NAMPA — After 12 years as mayor, incumbent Tom Dale will give up his seat to challenger Bob Henry in January.
“It hasn't sunk in yet,” Henry said after the final precinct reported Tuesday night. “I'm excited, but I've got a lot of work ahead of me now. When I look at the City Council races and mine, it's pretty clear that taxes were the issue.”
After a tight race Tuesday night — the final count was a mere 113-vote difference — a disappointed Dale said he likely wouldn't request a recount.
“I look forward to a smooth transition,” Dale said. “I've served people all my life in one form or another, and I'll just keep on doing that.”
Early in his mayoral career, Dale repealed an ordinance allowing runoff voting if no candidate captured 50 percent of the vote. He declined to comment Tuesday night on whether he regrets that decision.
In the meantime, Mayor-Elect Henry said has a lot of work to do. Only two of the incoming six-member Nampa City Council have prior experience on the city's governing body. Add a new mayor to the mix, and the local government will look quite a bit different in a few months.
The first step, Henry said, is to work with the city's department heads and the outgoing mayor to start laying the groundwork for his administration.
“I’ve never been mayor,” Henry said with a laugh. “I’ve got to tie up loose ends, and hit the ground running. Got to find a new councilman to fill my seat.
So I’ll be busy.”
Dale said he and his campaigners fought the good fight, and he’s grateful for the support he’s gotten from the community. Not just in recent months, he said, but throughout his career in city government.
He said Monday night it was to early to speculate on future runs for public office. But wherever he goes from here, he said, he’ll find some way to keep helping the community.
“I’d just like to thank all my supporters, thank all the voters who turned out,” Dale said. “Looks like about a 50-50 split there. I appreciate those folks who supported me all these years, and I just thank them for the opportunity to serve for 12 years. It’s been great.”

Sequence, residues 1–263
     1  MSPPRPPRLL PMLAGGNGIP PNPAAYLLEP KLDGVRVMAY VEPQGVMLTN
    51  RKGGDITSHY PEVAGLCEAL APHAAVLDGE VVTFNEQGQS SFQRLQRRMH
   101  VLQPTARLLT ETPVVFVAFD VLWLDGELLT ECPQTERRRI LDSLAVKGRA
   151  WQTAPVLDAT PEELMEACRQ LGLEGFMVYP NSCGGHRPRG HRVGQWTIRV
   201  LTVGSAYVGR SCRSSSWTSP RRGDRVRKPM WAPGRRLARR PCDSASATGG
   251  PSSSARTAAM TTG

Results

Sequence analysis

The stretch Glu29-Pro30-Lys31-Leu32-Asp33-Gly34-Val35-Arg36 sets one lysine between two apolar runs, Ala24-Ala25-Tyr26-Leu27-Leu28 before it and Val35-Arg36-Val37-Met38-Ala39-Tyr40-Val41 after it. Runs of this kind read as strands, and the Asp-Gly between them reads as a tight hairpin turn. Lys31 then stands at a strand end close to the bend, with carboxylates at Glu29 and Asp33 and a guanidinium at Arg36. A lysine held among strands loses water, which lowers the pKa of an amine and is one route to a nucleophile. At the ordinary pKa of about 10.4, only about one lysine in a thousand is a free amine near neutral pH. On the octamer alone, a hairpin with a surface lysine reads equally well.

Candidate Melissa Sue Robinson said she didn’t expect to win this time around, but she isn’t calling it quits — she’ll run for public office again. And by getting her name on the ballot, she said, she helped boost awareness of the issues she’s most passionate about.
“I’m going to look at the City Council races in Nampa next year,” she said. “If not that, I’m going to look at another state senator or house of representatives run.”
Robert Muse could not be reached for comment.
MAYOR DALE HAS HISTORY OF CLOSE CITY ELECTIONS
This wasn’t Tom Dale’s first close race. In his first run — as a city councilor — for mayor in 1997 against incumbent Mayor Maxine Horn, Dale lost by 52 votes. An estimated 40 percent of registered voters turned out for that multiple-candidate race.
After that race, when Horn won by just 31 percent of the vote, the city adopted a law that required the mayor be elected by a majority of the votes. If no one received a majority, a runoff election would be held for the two who got the most votes.
In 2001, Dale beat Horn by 140 votes in a three-person race, but because he didn’t win by the majority, a runoff election was held a month later. In that runoff, Dale won by 53 percent of the vote.
Shortly after Dale took office, the “runoff rule” was repealed.
Dale was easily re-elected in 2005 and 2009.